While power and functional features are what endear truckers to the Silverado 2500HD, in 2017 Chevy decided to do away with three of their newer colors and simultaneously added two new ones. The colors deleted for the 2017 series were Tungsten Metallic, Autumn Bronze Metallic, and Slate Grey Metallic while the two added colors include Graphite Metallic and Pepperdust Metallic. Even the names of the two newly added color schemes are thrilling.
Words can only do so much to describe the changes made to the 2017 Chevy Silverado 2500HD so the best thing to do would be to actually see one up close and personal. Take a spin and feel the power while checking out some new design elements and those two new color schemes. About the only ‘bad’ thing anyone has said thus far is that it takes a bit of time to learn to maneuver it but it is not bad compared to other makes of its class. All in all, it’s a great truck with a trendy new design that lacks nothing in the way of performance.
Article Courtesy of dzhingarova
Photos courtesy of Car & Driver.com, Ford.com, vehiclephotos.vauto.com
I have always considered the “Golden Age” of car design to be the period of the 1920’s and 30’s. Sure, the 1950’s were great, with the introduction of the fin, huge chrome grilles and the beginning of the rocket age look, but true custom car design was at its peak during the time of the great coachbuilders, and the most flamboyant of the lot were the French.
This was a time when you purchased a rolling chassis from an automaker like Duesenberg or Hispano Suiza, and then sent it off to a designer to create the bodywork. Designers would build cars specifically for you, like having a haute couture dress made. The result, were some of the most fantastic shapes to ever be placed on an automobile, and my favorite of the group was Figoni & Falaschi.
After World War I, Giuseppe Figoni started a small body repair shop in Boulogne-sur-Siene, France. His work included modifying the coachwork of touring cars, and his business prospered. By 1925, he was building complete bodies on rolling chassis purchased from automakers including Delahaye, Bugatti, Delage, and Panhard. By 1935, he acquired a partner, Ovidio Falaschi, and created the Figoni & Falaschi name. Fascinated by the emerging aircraft industry, he was influenced by the shapes of airplanes, and the wind. Figoni’s designs gave the impression of movement, even when the cars were standing still, and had an aerodynamic quality that would not be prevalent until the 1950’s. Figoni was fascinated with teardrop shapes, and his Delahaye 135, with its elliptical shapes and enclosed teardrop pontoon fenders created a sensation at the Paris Auto Show of 1936.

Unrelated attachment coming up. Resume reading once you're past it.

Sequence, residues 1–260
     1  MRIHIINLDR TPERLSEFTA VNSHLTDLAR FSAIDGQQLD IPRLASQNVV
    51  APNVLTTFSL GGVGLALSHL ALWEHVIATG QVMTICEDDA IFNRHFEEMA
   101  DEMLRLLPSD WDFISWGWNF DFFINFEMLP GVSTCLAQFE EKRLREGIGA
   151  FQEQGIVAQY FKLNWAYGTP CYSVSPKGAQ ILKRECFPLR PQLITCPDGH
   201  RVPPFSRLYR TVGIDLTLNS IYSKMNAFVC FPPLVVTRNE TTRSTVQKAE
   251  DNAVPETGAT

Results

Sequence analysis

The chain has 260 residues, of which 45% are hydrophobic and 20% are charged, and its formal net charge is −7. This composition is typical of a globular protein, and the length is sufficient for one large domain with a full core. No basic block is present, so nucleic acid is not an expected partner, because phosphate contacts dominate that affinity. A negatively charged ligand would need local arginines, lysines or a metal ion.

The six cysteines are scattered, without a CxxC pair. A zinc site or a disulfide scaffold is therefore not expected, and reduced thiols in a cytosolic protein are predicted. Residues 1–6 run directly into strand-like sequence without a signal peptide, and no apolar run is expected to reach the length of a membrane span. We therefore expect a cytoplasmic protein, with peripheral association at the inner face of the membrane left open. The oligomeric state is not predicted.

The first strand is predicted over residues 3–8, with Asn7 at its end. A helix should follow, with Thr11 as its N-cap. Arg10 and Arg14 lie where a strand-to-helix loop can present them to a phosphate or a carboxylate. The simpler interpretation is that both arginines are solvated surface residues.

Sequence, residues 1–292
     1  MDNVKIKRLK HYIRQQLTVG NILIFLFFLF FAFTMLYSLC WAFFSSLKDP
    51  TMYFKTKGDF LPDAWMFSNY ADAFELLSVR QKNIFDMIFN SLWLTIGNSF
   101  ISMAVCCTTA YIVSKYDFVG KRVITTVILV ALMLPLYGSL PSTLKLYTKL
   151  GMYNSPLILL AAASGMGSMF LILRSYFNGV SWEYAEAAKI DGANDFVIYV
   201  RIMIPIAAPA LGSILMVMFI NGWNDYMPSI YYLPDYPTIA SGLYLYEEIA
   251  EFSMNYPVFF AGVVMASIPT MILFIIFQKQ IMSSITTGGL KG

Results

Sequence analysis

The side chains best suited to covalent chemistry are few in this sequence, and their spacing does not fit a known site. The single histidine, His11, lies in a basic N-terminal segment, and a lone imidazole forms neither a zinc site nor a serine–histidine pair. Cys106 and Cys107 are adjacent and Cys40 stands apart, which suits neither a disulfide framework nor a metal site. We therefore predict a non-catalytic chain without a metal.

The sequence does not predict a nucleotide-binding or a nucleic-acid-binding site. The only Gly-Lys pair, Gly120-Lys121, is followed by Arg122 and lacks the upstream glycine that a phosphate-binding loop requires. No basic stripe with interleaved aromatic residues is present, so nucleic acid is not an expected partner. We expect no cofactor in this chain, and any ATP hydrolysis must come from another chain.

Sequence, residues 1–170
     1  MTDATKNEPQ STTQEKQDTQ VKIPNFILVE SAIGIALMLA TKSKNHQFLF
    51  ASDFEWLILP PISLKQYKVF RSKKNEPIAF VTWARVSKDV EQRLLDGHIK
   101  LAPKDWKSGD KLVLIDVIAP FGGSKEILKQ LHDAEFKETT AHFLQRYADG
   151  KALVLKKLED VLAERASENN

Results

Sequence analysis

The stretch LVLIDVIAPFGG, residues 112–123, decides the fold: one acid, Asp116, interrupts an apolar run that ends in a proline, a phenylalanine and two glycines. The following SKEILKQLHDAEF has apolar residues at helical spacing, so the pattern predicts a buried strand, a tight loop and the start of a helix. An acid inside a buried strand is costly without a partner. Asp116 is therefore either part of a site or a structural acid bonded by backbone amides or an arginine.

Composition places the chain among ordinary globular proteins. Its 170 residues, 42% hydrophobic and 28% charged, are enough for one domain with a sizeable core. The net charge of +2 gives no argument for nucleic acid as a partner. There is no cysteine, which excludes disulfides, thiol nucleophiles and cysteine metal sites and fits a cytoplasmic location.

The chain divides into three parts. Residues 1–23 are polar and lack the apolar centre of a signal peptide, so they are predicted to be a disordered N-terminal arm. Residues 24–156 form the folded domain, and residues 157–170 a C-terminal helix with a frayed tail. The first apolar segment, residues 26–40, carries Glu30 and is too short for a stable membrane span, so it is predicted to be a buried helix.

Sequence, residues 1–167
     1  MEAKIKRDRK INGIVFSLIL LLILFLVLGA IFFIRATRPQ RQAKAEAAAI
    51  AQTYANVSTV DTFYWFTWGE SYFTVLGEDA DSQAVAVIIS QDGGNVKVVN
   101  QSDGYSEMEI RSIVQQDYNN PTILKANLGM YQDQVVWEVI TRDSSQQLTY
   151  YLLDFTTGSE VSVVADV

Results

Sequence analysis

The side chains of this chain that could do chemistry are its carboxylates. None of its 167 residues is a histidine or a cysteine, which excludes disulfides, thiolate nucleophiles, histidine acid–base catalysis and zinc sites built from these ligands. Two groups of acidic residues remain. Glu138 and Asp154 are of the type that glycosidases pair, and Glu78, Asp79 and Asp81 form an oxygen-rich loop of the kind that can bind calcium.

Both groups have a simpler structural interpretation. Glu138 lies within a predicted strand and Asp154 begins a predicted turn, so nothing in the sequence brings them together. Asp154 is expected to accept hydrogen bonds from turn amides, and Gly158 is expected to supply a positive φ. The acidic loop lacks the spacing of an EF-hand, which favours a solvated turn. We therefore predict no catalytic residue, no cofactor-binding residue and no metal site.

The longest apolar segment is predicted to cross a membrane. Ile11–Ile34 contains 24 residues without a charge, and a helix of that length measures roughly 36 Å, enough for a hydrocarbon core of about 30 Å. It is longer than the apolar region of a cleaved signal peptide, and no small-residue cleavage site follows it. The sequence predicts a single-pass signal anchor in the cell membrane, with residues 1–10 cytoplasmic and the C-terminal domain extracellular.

Figoni had a command of color and design that was worthy of an artist, and favored two and three tone paint designs that would accentuate the shapes. He loved to work with designers of high fashion, creating gowns, hats, gloves, and shoes that perfectly matched the design and colors of his cars. He was also involved in designing racing bodies, creating aerodynamic bodies for cars like the Alfa Romeo 8C 2300, a car that won the 1932 Le Mans, as well as other cars.
The creations of Figoni & Falaschi were flowing masterpieces, cars that the buyer wore like fine ball gowns, and a style whose closest relative today would be the Morgan Aeromax. Their cars were an expression of freedom and movement, with enclosed wheels, and lines that made the cars float across the ground.
Figoni was an automotive sculptor who created patented designs for disappearing soft tops and even a disappearing sunroof. The hallmark of the brand is the Talbot-Lago T150 C, a car whose teardrop shape, flush door handles, and sloping fastback became the symbol of French coachbuilders. These cars were from a time when car design was true art.
Article courtesy of Chris Raymond
Photos courtesy of Google Images and Coachbuilt.com